Hold it right there.
The National Parks Service has disbanded its e-bike advisory group. The group, formed to study the potential use of e-bikes in national parks, has been meeting with NPS officials regularly over the years.
According to an article in Bicycle Retailer and Industry News (BRAIN), the National Park Service disbanded the group in the face of a lawsuit from conservation groups. The groups accused the NPS of holding closed meetings, which amounted to secretive lobbying, in order to give access to the trails to e-bike riders.
The lawsuit was filed in Washington, DC, court in early December, accuses the NPS of staffing its advisory committee with only e-bike and mountain bike advocates, and not with conservationists or others who would seek to address potential problems posed by e-bikes.
BRAIN noted, “The Public Employees for Environmental Responsibility (PEER) and a coalition of conservation groups are suing to restore a ban on e-bikes on NPS non-motorized trails. According to the suit, the E-bike Partner & Agency Group's meetings with the staff of Interior Secretary David Bernhardt and Deputy NPS Director P. Daniel Smith violated the Federal Advisory Committee Act, which requires transparency to prevent secret lobbying.”
"This e-bike call will conclude our 'Partner and Agency' calls. ... This is to ensure that we avoid any conflict with the Federal Advisory Committee Act," said an e-mail from an NPS official to colleagues dated Oct. 9 and obtained by PEER through the Freedom of Information Act (FOIA). In another email obtained by PEER, a U.S. Forest Service official expressed concern about the meetings because they were not open and didn't include anyone outside e-bike and mountain bike advocates.”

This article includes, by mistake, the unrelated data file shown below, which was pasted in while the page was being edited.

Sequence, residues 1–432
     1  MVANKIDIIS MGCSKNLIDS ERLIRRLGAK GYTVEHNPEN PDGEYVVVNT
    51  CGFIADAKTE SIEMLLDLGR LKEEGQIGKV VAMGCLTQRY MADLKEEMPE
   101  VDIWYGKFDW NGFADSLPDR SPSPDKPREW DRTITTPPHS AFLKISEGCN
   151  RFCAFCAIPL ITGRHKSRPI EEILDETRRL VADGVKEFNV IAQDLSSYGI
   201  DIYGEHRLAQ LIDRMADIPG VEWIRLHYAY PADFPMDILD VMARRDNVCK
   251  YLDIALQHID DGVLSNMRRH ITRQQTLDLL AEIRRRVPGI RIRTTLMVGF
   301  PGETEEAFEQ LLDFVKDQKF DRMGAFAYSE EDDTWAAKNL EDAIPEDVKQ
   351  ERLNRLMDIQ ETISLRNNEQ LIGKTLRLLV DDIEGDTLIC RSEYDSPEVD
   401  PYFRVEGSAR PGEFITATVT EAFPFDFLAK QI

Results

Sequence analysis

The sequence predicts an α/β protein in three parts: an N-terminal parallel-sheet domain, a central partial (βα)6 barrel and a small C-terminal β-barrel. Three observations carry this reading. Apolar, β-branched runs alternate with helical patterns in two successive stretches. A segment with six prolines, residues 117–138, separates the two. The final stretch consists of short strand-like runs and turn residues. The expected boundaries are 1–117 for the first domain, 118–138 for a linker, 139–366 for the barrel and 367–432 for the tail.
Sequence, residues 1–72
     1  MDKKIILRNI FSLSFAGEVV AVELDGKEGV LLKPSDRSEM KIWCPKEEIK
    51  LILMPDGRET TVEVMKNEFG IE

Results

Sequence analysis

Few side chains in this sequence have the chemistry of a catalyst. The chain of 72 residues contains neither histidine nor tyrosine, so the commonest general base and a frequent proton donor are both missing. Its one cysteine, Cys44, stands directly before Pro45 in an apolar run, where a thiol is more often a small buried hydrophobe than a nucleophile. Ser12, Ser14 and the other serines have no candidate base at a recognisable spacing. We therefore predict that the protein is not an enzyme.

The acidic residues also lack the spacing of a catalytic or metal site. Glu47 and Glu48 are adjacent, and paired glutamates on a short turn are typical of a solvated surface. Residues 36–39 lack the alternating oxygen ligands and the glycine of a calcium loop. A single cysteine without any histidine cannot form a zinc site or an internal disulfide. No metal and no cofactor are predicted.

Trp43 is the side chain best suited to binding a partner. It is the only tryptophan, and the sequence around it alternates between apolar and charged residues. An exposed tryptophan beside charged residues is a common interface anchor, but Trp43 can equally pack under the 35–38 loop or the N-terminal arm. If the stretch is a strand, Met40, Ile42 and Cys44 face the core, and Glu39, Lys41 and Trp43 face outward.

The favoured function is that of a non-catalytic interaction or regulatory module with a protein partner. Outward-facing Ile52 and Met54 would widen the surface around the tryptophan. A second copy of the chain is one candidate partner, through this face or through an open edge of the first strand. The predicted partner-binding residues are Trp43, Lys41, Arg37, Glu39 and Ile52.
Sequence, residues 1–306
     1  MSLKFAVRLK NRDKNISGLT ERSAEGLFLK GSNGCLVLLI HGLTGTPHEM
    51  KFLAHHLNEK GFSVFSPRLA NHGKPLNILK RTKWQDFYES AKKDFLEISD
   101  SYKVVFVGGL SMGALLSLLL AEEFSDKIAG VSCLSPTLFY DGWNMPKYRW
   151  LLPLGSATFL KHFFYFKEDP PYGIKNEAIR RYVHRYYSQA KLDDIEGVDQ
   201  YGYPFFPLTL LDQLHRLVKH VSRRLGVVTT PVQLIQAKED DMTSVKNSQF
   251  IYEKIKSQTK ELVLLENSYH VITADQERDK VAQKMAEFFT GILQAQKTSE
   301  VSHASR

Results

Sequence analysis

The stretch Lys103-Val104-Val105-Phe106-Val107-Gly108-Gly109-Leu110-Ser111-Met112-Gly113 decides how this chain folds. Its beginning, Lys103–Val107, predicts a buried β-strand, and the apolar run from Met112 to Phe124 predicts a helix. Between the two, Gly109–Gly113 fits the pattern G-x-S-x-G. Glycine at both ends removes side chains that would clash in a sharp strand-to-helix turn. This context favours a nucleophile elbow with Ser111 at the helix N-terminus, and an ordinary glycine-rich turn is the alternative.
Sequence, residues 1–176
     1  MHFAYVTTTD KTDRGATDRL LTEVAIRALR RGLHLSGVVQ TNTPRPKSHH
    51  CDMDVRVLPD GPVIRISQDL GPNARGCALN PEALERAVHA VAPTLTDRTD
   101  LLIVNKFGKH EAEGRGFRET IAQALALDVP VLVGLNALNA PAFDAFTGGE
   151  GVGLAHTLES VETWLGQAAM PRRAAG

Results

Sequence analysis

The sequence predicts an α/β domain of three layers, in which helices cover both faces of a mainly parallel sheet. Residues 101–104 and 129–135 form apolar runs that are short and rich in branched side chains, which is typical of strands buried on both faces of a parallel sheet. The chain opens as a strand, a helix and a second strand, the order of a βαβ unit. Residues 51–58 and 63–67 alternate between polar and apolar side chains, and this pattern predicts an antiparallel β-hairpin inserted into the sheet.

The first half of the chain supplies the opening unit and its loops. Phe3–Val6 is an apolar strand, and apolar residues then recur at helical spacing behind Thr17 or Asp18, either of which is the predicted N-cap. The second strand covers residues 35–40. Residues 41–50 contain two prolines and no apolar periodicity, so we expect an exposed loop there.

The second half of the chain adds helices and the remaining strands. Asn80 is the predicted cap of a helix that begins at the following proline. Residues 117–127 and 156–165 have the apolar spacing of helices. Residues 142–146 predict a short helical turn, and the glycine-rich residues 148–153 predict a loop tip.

BRAIN notes that co-plaintiffs in the lawsuit are Wilderness Watch, Marin Conservation League, Environmental Action Committee of West Marin and Save Our Seashore, as well as three impacted individuals.
So where does that leave e-bikes where it comes to the NPS? Out in the cold for now, while the legal wrangling continues. And if you’re thinking the terms, e-bike and lawsuit, are sounding familiar, you’re right on the money: this is actually the second suit to be brought. In October, a group of trail and forest advocates sued the U.S. Forest Service for allowing Class 1 e-bikes (pedal-assist bikes with no throttle and a maximum powered speed of 20 mph on non-motorized trails in the Tahoe National Forest in California. At issue was the fact that there had been no public study prior to allowing the e-bikes in.
While e-bikes have been a contentious issue for traditionalists in the cycling community for years, feelings hit a flash point at the end of the summer when the Department of the Interior ruled that all classes of e-bikes were to be regulated as traditional pedal bicycles on non-motorized federal lands – including the NPS and Bureau of Land Management. That decision allowed agencies to regulate e-bikes as they see fit, just like with traditional bikes.
The growing presence of e-bikes in the market as a whole has led to an uptick in competitive events with special categories for them.